Hilti – Gearing the Supply Chain for the Future

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  • Topic: Supply chain, Swiss franc, Liechtenstein
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  • Published : April 24, 2012
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Case Study SCMMS II – Hilti – Gearing the Supply Chain for the Future

1. Evaluate the three scenarios proposed by the project team along the lines of the criteria presented in the case

2. What would be your recommendation to the board in the current situation of world economy in December 2011

1. The project team has proposed three scenarios for Hilti’s management board which all have the potential to help the company compete in an ever more competitive and cost-driven environment. Hilti has still the competitive advantage over most other important industry players, because it has a very high-quality approach and is able to charge 30% premiums for their products. The first approach the project team has to offer is a “Low pain, low gain”-scenario in which semi-complex plastic and machined parts are not made in-house but bought from suppliers and all small tools are manufactured in Hilti’s plant in Shanghai. In the first assessment this alternative would have a small impact on cost reduction (8% of COGS) but it would be an alternative with a relatively small footprint. It could be easily achieved and wouldn’t have a big impact on some aspects that are very important to the company’s values. Hilti has established a couple of premises around which decisions about the company’s future have always been made. The “low pain, low gain”-alternative would be in line with the business model that the home factory in Liechtenstein has still a high enough value-add to support high prices and with most of the Champion3C strategy. The Champion3C strategy focuses on three important factors: The company should be economically and technologically independent, should focus on it’s own products and should maintain its sustainable leadership. With this scenario the only factor that is in question is, if the shift to even more “buy” instead of “make” (Hilti is already buying 80% of total product value from outside suppliers) makes the company even more economically dependent on its suppliers but since Hilti holds very strong patents and produces the most complex and exclusive parts itself, the company can always find new suppliers for the non-complex plastics and machined parts. “Low pain, low gain” doesn’t include huge investments in new plants or new supplier networks. The Shanghai plant has already an established network of suppliers and the additional costs of shifting all small tools manufacturing to China are logistical and the risk of currency fluctuations.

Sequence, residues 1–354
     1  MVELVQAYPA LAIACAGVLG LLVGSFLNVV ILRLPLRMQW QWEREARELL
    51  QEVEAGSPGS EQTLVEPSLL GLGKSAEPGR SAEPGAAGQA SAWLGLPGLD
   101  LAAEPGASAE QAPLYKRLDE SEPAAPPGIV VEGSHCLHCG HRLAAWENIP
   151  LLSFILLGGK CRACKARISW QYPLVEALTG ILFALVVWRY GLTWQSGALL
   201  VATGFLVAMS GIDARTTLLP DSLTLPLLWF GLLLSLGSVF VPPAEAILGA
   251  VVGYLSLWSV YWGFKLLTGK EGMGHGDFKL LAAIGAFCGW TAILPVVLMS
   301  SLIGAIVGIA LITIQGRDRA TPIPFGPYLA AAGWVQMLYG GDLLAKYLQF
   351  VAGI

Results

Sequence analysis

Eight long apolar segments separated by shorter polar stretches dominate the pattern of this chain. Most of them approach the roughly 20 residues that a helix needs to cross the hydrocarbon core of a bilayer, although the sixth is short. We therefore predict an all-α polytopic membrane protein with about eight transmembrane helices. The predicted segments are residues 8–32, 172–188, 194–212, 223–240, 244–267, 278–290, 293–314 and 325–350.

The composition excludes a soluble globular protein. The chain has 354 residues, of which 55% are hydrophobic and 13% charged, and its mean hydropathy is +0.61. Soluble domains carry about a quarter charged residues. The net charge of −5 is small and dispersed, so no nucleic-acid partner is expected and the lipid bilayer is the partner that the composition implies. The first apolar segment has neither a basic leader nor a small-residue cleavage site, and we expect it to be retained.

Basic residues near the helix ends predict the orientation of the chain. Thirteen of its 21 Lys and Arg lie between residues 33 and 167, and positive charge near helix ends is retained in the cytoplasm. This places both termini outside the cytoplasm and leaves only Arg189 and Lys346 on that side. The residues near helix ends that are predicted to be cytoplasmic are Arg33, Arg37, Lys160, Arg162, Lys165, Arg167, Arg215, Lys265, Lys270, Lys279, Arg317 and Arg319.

In addition to the first scenario there are two additional possible scenarios which both have a big influence on Hilti’s structure compared to the first scenario. “Low pain, low gain” would be a basic restructuring alternative and would probably have a big enough influence in a not-changing competitive environment but with competitor’s investing in more cost-effective supply chains and lots of consolidation in the industry the question remains if a conservative approach like that is enough to keep the company competitive over the coming years.

The second scenario suggests to hold on to the basic plant network but to consolidate around it. Instead of producing plastic parts and machined parts in different plants than they are manufactured in, this scenario calls for an minimization of logistical costs by producing parts where they are needed to avoid most of the shipping to assemble products. This consolidation would also lead to the closure of plants with the German plant in Strass not being able to survive.

“Consolidate around existing structures” is a scenario that has a bigger influence on lots of processes inside the company (30% of COGS are affected). In order to evaluate its influence we need to have a closer look on the monetary but also the qualitative criteria given for assessment. The production cost won’t be affected as much but the transportation costs in between facilities is probably a huge...
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